Study: Shift Workers May Be Putting Drivers’ Safety at Risk
Workers who work night and rotating shifts commonly suffer from drowsiness, fatigue, and sleep disorders that contribute to dangerous driving behaviors.
Shift Work Poses Dangers Behind the Wheel
For employees who work night shifts, rotating shifts, and graveyard shifts, staying alert on the job can be especially challenging. Shift work significantly impacts the body’s circadian clock tricking the body into activity when it should be resting. According to a study released by the Salk Institute for Biological Studies, shift work disrupts the circadian clock, decreases sleep quality, and alters mood and metabolism.
Data from the Bureau of Labor Statistics shows that about 15 million Americans are shift workers. Shift work is common for workers in certain industries such as manufacturing, warehousing, food services and food processing, hospitality, and health care. Shift work was originally designed to maintain 24-hour workdays each week to speed up production, meet consumer demands, and improve company profits. In most cases, companies that use shift workers do reap those benefits, but workers pay a big price with a variety of health problems. The prevalence of shift work has spurred many research studies on the adverse health and safety effects on shift workers.
Since shift work disrupts the body’s circadian clock, shift workers experience a high rate of shift work sleep disorders (SWSD). These types of sleep disorders can cause extreme cases of:
- Physical and mental fatigue
- Sleep deprivation
- Cognitive and memory impairment
- Anxiety and/or depression
Accident lawyers witness many serious, even fatal, car crashes caused by SWSD. Research shows that drivers who suffer from SWSD are nearly 3 times more likely to be involved in a car crash, compared to drivers without sleep disorders. SWSD contributes to the highest crash risks, especially for older drivers who are age 65 or above. Drivers with sleep disorders are 29% more likely to be inattentive behind the wheel. Drivers suffering from sleep deprivation and insomnia are 33% more likely to cause a car crash or be involved in one.
SWSD occurs most often in workers who regularly work non-traditional hours in night shifts, rotating shifts, and graveyard shifts. Working through the night and sleeping during the day over a prolonged period of time can lead to numerous sleep problems that impact driving skills and driving safety. To make matters even worse, 75% of shift work employers underestimate the prevalence of workplace fatigue caused by SWSD, so they do not communicate health or safety concerns to their workers.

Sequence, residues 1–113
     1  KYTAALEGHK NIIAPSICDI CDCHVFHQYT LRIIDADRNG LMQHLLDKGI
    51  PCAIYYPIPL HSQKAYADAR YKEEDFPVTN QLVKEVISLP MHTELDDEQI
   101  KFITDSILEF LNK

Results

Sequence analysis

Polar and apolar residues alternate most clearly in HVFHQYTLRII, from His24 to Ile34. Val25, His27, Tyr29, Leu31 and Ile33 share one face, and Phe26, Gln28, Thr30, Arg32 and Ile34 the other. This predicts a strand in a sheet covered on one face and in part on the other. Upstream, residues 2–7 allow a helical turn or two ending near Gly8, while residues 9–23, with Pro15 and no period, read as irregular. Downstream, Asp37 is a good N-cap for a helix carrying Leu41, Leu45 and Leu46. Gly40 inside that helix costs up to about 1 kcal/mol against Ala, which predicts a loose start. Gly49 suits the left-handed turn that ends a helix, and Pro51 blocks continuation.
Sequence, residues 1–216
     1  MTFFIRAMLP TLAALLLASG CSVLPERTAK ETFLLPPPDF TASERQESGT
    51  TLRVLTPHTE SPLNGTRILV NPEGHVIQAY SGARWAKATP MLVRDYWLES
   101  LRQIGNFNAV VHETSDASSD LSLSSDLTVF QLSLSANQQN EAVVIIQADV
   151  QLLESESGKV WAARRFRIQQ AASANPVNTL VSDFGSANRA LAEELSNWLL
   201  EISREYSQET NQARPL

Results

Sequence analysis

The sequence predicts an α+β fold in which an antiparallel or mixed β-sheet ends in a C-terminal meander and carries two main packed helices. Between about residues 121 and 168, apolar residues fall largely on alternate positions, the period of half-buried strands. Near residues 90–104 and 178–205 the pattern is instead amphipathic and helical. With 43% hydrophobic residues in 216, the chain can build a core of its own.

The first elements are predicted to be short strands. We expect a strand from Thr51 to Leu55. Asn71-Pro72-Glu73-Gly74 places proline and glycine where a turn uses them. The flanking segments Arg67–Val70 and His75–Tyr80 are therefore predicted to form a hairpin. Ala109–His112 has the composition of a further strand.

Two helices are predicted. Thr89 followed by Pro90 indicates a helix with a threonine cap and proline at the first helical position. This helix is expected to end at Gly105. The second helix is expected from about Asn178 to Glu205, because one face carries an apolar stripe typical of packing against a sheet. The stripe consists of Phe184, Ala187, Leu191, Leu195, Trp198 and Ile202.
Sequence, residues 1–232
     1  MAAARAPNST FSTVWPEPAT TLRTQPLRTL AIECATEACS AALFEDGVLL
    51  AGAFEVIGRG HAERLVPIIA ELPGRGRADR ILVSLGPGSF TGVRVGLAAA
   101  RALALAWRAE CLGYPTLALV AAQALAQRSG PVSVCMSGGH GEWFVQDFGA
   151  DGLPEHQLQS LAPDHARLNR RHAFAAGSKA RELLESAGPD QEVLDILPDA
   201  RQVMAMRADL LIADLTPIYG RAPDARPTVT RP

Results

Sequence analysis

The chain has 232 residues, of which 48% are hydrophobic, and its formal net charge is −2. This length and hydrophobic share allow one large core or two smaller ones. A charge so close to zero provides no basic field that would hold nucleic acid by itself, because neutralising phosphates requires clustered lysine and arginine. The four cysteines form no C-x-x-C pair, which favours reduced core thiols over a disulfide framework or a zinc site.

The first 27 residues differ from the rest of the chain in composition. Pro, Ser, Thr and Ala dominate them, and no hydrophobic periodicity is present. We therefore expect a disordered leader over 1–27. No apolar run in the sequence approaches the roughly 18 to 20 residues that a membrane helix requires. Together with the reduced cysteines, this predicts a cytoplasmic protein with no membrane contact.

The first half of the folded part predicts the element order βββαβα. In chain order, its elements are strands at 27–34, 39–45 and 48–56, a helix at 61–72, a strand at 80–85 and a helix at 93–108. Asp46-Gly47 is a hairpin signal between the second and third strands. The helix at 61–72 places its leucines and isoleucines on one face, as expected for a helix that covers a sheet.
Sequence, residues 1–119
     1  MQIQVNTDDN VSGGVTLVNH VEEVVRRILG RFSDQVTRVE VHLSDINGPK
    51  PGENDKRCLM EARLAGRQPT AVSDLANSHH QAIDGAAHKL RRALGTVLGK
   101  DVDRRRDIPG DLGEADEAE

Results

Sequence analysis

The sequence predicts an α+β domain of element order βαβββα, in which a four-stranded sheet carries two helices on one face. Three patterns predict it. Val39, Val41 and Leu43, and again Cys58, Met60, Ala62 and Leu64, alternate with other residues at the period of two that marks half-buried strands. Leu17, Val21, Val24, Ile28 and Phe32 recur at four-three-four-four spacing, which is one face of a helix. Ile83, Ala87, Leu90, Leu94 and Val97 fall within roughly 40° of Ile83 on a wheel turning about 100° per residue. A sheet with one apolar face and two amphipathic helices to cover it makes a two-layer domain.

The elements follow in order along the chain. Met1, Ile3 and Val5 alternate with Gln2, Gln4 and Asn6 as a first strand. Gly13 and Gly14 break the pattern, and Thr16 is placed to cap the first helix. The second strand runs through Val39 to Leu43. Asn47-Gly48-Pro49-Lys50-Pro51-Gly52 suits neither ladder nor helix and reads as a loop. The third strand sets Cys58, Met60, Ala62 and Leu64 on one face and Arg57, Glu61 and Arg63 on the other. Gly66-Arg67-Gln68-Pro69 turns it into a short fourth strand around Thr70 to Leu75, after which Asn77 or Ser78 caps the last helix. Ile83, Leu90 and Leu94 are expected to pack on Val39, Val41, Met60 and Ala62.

Different shift schedules can have different effects on shift workers. The way the shift pattern is designed by an employer has a significant effect on a worker’s sleep patterns. The longer a worker performs shift work, the more serious health problems may become. To minimize SWSD, employers should be aware of the problems caused by shift work and those problems should be clearly communicated to shift workers. To promote both workplace and driving safety for shift workers, employers should encourage short breaks, adequate rest, and healthy sleep time.
Drowsy Driving vs. Drunk Driving
Fatigue and alcohol both cause dangers on the road. While fatigued drivers are much less alert, drunk drivers are often impulsive with risky driving behaviors. Research shows that fatigue and sleep deprivation can cause similar problems for drivers. After 18 hours of being awake, a driver experiences problems with reaction time, hand-eye coordination, multi-tasking, and vigilance.
Drivers awake for 18 hours or more show similar driving behaviors as drivers with a blood alcohol content (BAC) of 0.05%. After 20 hours of being awake, drowsy drivers are impaired on a level comparable to drunk drivers with a 0.08% BAC, the current legal limit in most states. After 24 hours awake, driving impairment is equivalent to a BAC of 0.1%, an impairment rating seen by accident lawyers who handle serious personal injury cases. Indiana accident lawyers commonly see impaired or risky driving behaviors in drivers who sleep than six hours; drivers with SWSD; drivers impaired by alcohol, drugs, or medications; professional drivers and truckers; and shift workers.
Fatigue and drunk driving contribute to both physical and mental impairments that can cause car accidents. Common impairments include:
- Blurred vision
- Head drooping and yawning
- Daydreaming or lack of focus
- Lack of memory recall
- Poor judgment of distance and speed
- Loss of motor skills
Accident reports by the National Highway Traffic Safety Administration (NHTSA) show that approximately 100,000 car accidents reported by police each year involve drowsy or sleep-deprived drivers. These crashes result in more than 71,000 yearly injuries and 1,550 yearly deaths. Reports by the AAA Foundation for Traffic Safety estimate that there are about 328,000 drowsy driving crashes each year. That’s more than three times the NHTSA police-reported number. Both NHTSA and AAA suspect that accurate numbers may be much higher, but drowsy or fatigued driving is more difficult to prove than drunk driving.